This landmark project involves the shoring of 30,000 sq. ft. of retaining wall for the new Glendale Adventist Medical Center facility,located in Glendale, California. The facility is situated on a downhill sloping site that has a differential grade of approximately 15-20 feet, from Northeast to Southwest. The design of the building includes a permanent earth retention system, located approximately 3 ft. from the structure, and disassociated from the building. This design alleviated the Medical Center of the necessity of resisting the lateral earth pressures through its Lateral Force Resisting System (LFRS).
The project is unique in that no OSHPD approved building had ever utilized a combination Soil Nail, and Soldier Beam and Tie Back system as an integral part of the earth retention solution. Though PB&A had designed a permanent soil nailed wall as part of the University of Southern California Medical Center in the early 1980’s, and the design was approved by OSA at the time, it was not recognized as an approved design by OSHPD, which had yet to come into existence. The unprecedented design required that code language be adopted by the California Building Code (CBC) prior to the approval of plans. As such, Pirooz Barar was tasked with drafting new design criteria for theory, design, construction, and inspection of the Soil Nailing technique that would ultimately be approved by OSHPD and appended to the CBC.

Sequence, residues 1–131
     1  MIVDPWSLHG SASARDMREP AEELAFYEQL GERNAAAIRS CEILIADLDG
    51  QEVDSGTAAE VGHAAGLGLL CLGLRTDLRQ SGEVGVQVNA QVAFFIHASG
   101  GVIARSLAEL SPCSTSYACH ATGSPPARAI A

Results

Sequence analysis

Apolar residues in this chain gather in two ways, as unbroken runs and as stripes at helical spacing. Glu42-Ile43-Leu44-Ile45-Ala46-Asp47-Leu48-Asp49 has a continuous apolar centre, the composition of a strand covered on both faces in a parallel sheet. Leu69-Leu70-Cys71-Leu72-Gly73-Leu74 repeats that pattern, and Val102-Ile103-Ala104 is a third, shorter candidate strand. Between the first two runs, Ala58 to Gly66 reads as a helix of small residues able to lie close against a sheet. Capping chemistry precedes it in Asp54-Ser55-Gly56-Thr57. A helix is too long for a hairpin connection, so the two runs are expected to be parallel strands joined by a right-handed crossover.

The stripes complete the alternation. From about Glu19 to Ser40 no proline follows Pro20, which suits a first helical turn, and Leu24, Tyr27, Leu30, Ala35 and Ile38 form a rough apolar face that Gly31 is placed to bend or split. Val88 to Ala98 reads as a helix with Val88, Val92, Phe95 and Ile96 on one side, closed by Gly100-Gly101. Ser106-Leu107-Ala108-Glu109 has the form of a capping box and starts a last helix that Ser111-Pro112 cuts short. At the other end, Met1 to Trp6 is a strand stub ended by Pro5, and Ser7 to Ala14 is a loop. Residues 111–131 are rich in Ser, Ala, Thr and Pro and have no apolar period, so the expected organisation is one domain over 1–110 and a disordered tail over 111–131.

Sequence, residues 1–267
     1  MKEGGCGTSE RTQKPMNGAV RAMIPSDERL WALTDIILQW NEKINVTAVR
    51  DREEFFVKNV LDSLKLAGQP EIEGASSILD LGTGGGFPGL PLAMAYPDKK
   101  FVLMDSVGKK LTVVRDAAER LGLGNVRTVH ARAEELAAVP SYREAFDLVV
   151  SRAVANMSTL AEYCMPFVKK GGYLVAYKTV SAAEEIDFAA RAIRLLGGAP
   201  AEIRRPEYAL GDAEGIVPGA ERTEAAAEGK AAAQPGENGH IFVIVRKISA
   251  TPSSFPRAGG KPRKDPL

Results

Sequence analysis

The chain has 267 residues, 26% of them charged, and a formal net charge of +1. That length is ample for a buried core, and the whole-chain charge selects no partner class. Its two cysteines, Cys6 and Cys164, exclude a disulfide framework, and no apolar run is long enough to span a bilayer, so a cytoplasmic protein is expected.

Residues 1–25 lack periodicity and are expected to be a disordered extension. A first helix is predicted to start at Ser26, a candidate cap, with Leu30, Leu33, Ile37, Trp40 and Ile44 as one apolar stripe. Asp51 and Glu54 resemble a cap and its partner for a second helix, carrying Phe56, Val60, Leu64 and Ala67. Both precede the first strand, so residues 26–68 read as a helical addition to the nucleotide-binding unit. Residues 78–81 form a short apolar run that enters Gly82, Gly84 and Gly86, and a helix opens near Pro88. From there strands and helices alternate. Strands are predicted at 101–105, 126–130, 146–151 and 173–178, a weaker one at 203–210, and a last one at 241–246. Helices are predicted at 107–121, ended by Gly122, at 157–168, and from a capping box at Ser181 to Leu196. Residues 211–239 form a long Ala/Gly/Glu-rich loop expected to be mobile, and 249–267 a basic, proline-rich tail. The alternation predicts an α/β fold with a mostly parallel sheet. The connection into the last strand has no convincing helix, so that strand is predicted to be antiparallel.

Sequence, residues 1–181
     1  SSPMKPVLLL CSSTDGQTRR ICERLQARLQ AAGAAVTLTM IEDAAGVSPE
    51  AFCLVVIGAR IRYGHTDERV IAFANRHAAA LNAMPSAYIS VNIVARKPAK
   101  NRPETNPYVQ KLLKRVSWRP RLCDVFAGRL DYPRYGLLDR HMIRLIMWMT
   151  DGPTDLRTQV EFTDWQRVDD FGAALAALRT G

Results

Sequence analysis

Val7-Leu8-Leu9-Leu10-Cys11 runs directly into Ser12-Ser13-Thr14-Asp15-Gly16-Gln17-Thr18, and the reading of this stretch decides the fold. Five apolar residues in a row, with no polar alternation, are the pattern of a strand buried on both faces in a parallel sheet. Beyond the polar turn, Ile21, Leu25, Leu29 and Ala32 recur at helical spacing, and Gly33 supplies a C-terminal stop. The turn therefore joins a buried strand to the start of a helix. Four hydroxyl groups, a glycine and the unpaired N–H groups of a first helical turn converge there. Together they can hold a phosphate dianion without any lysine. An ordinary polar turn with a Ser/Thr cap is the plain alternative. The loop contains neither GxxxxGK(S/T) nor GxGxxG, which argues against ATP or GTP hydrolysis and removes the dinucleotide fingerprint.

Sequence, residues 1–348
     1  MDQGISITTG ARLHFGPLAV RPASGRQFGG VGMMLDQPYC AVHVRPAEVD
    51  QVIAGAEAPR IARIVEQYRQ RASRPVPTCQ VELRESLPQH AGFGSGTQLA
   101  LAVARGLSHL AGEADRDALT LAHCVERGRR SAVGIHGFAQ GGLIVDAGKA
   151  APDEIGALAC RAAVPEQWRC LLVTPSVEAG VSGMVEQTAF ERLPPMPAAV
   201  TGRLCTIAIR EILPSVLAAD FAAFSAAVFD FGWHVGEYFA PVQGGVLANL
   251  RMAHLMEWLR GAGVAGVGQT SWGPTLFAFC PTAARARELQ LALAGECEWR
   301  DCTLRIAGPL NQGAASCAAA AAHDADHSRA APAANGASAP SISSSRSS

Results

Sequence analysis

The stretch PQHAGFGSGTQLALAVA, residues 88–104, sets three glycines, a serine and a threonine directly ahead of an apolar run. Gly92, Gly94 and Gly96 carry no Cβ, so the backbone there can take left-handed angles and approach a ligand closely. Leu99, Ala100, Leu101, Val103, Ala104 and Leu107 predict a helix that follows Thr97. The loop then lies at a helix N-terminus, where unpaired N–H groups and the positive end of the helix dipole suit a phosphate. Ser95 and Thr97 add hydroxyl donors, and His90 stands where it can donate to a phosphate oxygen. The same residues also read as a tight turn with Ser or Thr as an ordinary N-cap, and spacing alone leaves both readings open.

Subsequent to the approval of the design criteria, and the completion of the Glendale Adventist Medical Center project, a similar design is being utilized for a Kaiser Hospital shoring project in Antioch, California.